For a while now I have had a nagging question. Why has there been no high fantasy ArM setting in a non-ME world been developed?
There have been so many people I met who dig many ArM feature, troupe play, covenants, etc., but cant get past the ME element. That want more high fantasy and dont like to attend to all that historical background tht we tend to savour. (Personally, I would prefer ArM in ME to a non-earth high fantasy setting.)
But it seems to me ArM could produce quality high fantasy too. It also seems to me the market is ripe for: I have been hearing a lot of grumbling about the newest edition of D&D. Sure the typical ArM player probably wont buy those books. But then, most gamers prefer highfantasy, right? And the idea is to make money and not just please people like me.
So if money is to be made why hasnt it been done? Is there a legal issue? Or am I wrong in thinking there is room in the market for such a product? Or is there some other reason?
I am just wondering why Atlas games does not produce a whole new product line based on ArM but in a high fantasy setting. It just seems to me they can make a good amount of money. I checked the latest D&D version this summer. It is awful and I here a lot of people complaining. My old gaming group has not bought a single book from the new edition. Although a few did torrent it.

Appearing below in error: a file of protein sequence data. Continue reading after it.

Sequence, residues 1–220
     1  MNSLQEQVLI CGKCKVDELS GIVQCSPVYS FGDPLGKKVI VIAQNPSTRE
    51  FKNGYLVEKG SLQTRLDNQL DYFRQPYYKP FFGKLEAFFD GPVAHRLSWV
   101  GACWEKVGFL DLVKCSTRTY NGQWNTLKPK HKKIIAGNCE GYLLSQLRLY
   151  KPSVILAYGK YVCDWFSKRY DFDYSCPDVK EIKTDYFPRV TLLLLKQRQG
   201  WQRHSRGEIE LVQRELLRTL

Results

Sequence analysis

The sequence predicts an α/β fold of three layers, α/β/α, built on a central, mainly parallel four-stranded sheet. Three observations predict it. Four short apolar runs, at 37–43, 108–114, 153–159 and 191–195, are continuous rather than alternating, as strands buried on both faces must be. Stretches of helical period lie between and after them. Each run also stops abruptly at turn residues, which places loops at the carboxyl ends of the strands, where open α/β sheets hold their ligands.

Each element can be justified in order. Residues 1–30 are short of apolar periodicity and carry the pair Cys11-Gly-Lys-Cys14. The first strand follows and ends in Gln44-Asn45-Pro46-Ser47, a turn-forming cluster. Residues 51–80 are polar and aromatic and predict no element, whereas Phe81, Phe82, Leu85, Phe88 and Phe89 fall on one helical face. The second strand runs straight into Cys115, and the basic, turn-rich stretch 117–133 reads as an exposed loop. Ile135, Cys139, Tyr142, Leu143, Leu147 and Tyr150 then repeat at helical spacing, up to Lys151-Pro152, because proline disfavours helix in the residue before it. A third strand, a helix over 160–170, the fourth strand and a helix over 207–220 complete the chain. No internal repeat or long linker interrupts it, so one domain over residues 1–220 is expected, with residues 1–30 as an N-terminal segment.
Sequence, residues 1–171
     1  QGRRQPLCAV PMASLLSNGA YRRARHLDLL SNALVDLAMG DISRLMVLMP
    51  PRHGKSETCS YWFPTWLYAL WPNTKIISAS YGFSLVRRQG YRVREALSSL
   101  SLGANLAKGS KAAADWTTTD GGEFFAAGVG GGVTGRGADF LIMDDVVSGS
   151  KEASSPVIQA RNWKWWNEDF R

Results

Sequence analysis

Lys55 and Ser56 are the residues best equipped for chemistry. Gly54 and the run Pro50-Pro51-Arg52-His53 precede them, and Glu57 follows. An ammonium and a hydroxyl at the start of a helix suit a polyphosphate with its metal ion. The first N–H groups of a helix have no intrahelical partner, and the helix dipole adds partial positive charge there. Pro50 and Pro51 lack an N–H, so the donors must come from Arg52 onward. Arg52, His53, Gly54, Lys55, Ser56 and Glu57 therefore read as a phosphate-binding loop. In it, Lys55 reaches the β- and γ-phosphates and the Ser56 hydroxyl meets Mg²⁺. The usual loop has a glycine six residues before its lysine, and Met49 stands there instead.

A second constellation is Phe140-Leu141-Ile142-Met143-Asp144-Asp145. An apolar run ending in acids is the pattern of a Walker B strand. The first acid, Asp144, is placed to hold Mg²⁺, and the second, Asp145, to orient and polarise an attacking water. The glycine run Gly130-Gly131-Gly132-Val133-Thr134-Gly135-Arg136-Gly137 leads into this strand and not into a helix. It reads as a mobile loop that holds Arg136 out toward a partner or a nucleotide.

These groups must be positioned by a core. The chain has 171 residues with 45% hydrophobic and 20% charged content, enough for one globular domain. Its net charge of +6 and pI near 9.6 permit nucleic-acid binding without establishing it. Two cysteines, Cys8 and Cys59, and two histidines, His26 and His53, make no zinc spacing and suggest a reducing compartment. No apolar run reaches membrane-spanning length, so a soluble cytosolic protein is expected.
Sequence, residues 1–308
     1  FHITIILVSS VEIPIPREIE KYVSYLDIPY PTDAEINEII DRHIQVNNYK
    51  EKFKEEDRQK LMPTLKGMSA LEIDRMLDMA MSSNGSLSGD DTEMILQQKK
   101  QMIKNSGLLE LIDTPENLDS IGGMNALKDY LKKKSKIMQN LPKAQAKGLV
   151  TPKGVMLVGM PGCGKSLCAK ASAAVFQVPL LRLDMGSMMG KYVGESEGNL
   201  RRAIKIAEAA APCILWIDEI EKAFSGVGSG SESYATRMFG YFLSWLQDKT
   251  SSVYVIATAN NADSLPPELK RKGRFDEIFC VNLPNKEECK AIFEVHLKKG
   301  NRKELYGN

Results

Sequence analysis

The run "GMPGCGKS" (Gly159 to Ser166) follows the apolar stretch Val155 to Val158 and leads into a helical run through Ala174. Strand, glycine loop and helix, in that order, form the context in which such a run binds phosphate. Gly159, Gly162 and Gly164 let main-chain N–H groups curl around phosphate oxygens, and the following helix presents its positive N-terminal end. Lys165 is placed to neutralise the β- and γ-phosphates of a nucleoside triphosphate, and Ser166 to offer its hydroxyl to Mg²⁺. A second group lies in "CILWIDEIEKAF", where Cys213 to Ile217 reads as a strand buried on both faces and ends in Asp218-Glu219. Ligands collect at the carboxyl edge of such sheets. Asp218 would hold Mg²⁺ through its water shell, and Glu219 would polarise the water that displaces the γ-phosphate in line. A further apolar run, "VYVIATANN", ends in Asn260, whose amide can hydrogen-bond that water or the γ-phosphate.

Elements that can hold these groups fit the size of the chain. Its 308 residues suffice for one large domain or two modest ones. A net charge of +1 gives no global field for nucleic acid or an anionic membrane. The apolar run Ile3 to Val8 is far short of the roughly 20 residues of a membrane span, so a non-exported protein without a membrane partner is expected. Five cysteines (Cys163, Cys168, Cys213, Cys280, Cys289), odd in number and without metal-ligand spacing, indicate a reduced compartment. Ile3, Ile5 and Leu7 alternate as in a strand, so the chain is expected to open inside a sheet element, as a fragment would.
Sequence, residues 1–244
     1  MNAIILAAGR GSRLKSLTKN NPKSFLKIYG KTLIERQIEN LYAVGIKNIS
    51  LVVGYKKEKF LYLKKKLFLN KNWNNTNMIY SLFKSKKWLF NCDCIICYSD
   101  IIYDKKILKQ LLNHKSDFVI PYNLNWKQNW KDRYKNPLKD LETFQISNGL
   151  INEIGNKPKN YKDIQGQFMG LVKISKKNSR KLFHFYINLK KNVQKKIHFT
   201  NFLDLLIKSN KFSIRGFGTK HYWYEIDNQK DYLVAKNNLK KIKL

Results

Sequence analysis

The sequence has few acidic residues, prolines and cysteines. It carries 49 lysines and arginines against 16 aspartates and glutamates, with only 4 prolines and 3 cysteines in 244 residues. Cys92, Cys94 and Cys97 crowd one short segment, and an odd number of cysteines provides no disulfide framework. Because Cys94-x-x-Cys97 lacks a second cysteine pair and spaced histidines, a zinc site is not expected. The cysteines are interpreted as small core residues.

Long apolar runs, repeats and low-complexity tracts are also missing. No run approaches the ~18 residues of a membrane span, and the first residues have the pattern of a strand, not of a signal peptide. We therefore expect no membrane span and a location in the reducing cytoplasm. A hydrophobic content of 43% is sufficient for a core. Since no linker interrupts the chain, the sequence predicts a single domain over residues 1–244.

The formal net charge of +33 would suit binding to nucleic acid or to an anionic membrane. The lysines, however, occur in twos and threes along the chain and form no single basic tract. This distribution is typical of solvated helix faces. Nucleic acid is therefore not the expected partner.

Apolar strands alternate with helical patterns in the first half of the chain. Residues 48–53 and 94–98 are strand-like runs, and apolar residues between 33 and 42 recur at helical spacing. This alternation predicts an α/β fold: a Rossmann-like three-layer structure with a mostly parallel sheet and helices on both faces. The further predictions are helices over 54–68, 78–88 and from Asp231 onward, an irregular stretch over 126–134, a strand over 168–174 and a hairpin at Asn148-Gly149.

Anyway, I could be wrong about the market. Maybe it wouldnt sell, but I would bet that it would do well.
I myself like to play High Fantasy in Mythic Europe. I am tired of generic fantasy worlds. And, thogh I know it is heresy to the ears of many gamers, I am tired of the classic fantasy worlds too. I am tired of Tolkien, done with Greyhawk, and sick of the rest of them too.